Principles of Islamic Jurisprudence by MH kamali

Zayd b thabit on the other hand counted the fathers

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Unformatted text preview: better for us to follow the ra'y of a Companion rather than our own opinion,' Ibn al-Qayyim accepts this without reservation, and produces evidence in its support. He then continues to explain that the fatwa of a Companion may fall into any of six categories. Firstly, it may be based on what the Companion might have heard from the Prophet. Ibn al-Qayyim explains that the Companions knew more about the teachings of the Prophet than what has come down to us in the form of Hadith narrated by the Companions. Note, for example, that Abu Bakr al-Siddiq transmitted no more than one hundred ahadith from the Prophet notwithstanding the fact that he was deeply knowledgeable of the Sunnah and was closely associated with the Prophet not only after the Prophetic mission began, but even before. Secondly, the fatwa of a Companion may be based on what he might have heard from a fellow Principles of Islamic Jurisprudence ~ Kamali 215 Companion, Thirdly, it may be based on his own understanding of the Qur'an in such a way that the matter would not be obvious to us had the Companion not issued a fatwa on it. Fourthly, the Companion may have based his view on the collective agreement of the Companions, although we have received it through one Companion only. Fifthly, the fatwa of a Companion may be based on the learned opinion and general knowledge that he acquired through long experience. And Sixthly, the fatwa of a Companion may be based on an understanding of his which is not a result of direct observation but of information that he received indirectly, and it is possible that his opinion is incorrect, in which case his fatwa is not a proof and need not be followed by others. Usul, pp. 169-70.] [23. Ibn Qayyim, I`lam, II, 191ff; Abu Zahrah, And lastly, it will be noted that Imam Malik has not only upheld the fatwas of Companions but has almost equated it with the Sunnah of the Prophet. This is borne out by the fact, as already stated in our discussion of the Sunnah, that in his Muwatta', he has recorded over 1,700 ahadith, of which over half are the sayings and fatwas of Companions. On a similar note, Abu Zahrah has reached the conclusion that the four Imams of Jurisprudence have all, in principle, upheld and followed the fatwas of Companions and all considered them to be authoritative, although some of their followers have held views which differ with those of their leading Imams. The author then quotes al-Shawkani at some length to the effect that the fatwa of a Companion is not a proof. Having quoted al-Shawkani, Abu Zahrah refutes his view by saying that it is 'not free of exaggeration'. (We have already given a brief outline of Abu Zahrah's critique of al-Shawkani.) Abu Zahrah then quotes Ibn al-Qayyim's view on this matter which we have already discussed, and supports it to the effect that the fatwa of a Companion is authoritative. But it is obvious from the tenor of his discussion and the nature of the subject as a whole that the fatwa of a Companion is a speculative proof only. [24. Abu Zahrah, Usul, p. 172...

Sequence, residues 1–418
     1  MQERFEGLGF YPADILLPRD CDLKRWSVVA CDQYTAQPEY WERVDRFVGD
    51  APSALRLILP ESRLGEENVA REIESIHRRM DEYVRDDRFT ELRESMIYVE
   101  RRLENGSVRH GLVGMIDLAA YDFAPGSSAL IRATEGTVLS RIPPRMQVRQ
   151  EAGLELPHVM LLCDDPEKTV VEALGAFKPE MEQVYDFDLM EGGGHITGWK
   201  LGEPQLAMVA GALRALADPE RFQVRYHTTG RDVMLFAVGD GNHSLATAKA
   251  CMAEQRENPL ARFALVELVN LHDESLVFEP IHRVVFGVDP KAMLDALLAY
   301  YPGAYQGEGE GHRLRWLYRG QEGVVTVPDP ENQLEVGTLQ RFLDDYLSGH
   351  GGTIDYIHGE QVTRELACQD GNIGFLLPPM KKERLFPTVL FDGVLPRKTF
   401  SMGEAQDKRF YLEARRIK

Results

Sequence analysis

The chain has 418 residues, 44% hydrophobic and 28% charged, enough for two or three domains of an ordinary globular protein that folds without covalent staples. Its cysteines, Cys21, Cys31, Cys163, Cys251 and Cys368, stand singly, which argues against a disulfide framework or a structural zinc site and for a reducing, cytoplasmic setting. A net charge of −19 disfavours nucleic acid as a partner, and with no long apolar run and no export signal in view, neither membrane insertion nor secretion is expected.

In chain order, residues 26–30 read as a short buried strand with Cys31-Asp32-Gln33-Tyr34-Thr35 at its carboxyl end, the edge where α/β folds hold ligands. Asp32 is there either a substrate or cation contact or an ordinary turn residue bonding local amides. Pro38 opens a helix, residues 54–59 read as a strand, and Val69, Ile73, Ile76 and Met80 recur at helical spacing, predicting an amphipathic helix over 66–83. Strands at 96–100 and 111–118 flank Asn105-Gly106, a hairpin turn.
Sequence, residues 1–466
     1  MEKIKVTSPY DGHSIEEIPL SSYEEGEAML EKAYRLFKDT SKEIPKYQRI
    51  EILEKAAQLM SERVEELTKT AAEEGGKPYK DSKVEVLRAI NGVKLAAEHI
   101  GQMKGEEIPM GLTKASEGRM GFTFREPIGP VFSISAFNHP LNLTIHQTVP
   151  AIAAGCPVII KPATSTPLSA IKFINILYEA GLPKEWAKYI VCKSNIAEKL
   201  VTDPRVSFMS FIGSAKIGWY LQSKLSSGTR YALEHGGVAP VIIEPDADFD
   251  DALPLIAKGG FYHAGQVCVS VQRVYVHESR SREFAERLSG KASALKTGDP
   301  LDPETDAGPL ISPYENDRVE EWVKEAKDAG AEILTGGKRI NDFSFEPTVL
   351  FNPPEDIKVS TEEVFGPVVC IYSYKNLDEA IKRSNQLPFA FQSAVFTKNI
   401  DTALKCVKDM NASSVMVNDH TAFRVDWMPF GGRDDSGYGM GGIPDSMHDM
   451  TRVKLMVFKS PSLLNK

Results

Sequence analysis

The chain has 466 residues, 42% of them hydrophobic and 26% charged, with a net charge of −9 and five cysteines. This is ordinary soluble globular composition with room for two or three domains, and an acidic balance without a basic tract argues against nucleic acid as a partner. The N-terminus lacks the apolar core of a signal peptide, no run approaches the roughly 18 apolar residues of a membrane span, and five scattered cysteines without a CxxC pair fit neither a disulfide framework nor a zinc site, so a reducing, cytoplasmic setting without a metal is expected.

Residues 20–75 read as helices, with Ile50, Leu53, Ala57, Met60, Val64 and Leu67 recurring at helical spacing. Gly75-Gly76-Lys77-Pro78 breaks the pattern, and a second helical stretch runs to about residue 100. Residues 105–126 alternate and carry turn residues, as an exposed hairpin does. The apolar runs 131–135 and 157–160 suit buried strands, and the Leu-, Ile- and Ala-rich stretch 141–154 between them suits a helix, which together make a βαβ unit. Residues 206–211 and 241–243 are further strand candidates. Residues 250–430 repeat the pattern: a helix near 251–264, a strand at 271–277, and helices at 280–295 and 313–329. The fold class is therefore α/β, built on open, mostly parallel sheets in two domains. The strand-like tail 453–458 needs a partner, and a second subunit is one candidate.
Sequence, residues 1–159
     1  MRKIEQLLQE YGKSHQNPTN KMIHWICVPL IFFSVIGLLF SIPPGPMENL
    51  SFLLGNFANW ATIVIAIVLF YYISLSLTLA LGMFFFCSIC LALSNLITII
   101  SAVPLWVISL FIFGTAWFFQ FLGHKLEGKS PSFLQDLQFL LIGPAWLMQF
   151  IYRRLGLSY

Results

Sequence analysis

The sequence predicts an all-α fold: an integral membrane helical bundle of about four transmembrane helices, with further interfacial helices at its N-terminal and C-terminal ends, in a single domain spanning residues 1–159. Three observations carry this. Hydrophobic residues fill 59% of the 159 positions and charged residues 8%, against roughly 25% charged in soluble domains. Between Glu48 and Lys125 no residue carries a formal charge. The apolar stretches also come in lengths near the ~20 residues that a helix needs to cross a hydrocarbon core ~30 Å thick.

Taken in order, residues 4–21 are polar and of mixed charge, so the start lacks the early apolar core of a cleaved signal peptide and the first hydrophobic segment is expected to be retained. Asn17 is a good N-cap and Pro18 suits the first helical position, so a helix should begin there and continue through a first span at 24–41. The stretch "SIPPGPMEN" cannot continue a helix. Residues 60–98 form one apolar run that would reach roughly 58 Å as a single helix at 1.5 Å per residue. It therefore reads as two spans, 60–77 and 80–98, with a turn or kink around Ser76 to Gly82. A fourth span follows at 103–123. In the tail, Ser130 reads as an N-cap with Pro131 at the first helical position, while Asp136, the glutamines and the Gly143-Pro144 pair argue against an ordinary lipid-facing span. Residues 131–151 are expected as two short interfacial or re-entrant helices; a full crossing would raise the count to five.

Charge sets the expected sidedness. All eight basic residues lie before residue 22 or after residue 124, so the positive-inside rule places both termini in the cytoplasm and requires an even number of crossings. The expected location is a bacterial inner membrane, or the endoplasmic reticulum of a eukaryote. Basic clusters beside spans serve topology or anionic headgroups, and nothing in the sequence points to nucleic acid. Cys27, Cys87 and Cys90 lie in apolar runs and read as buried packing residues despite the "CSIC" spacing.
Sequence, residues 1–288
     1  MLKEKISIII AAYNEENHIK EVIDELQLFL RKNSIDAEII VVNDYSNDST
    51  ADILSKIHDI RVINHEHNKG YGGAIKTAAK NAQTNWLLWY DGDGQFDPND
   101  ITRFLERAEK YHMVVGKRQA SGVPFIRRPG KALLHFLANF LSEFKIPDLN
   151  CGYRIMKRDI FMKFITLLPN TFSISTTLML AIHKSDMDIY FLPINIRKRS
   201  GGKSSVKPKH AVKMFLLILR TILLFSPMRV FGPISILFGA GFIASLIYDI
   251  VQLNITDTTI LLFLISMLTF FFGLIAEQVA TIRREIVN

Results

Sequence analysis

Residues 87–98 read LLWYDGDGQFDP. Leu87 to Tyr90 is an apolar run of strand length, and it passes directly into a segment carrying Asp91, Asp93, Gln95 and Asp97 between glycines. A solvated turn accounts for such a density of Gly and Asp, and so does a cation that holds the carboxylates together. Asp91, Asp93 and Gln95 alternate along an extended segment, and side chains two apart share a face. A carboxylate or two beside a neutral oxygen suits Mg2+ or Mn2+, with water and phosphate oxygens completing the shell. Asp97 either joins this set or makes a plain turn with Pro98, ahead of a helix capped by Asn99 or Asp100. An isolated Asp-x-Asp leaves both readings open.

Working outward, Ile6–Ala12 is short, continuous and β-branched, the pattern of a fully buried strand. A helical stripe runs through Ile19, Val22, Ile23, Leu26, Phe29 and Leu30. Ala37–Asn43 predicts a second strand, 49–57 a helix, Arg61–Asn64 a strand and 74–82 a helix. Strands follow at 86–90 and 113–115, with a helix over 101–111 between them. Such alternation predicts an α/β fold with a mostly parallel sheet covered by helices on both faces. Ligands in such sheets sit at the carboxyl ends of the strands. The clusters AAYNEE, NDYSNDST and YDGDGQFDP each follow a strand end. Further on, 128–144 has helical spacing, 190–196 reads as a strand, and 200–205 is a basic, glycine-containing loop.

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This note was uploaded on 04/13/2013 for the course ISLAM 101 taught by Professor Islam during the Spring '13 term at Harvey Mudd College.

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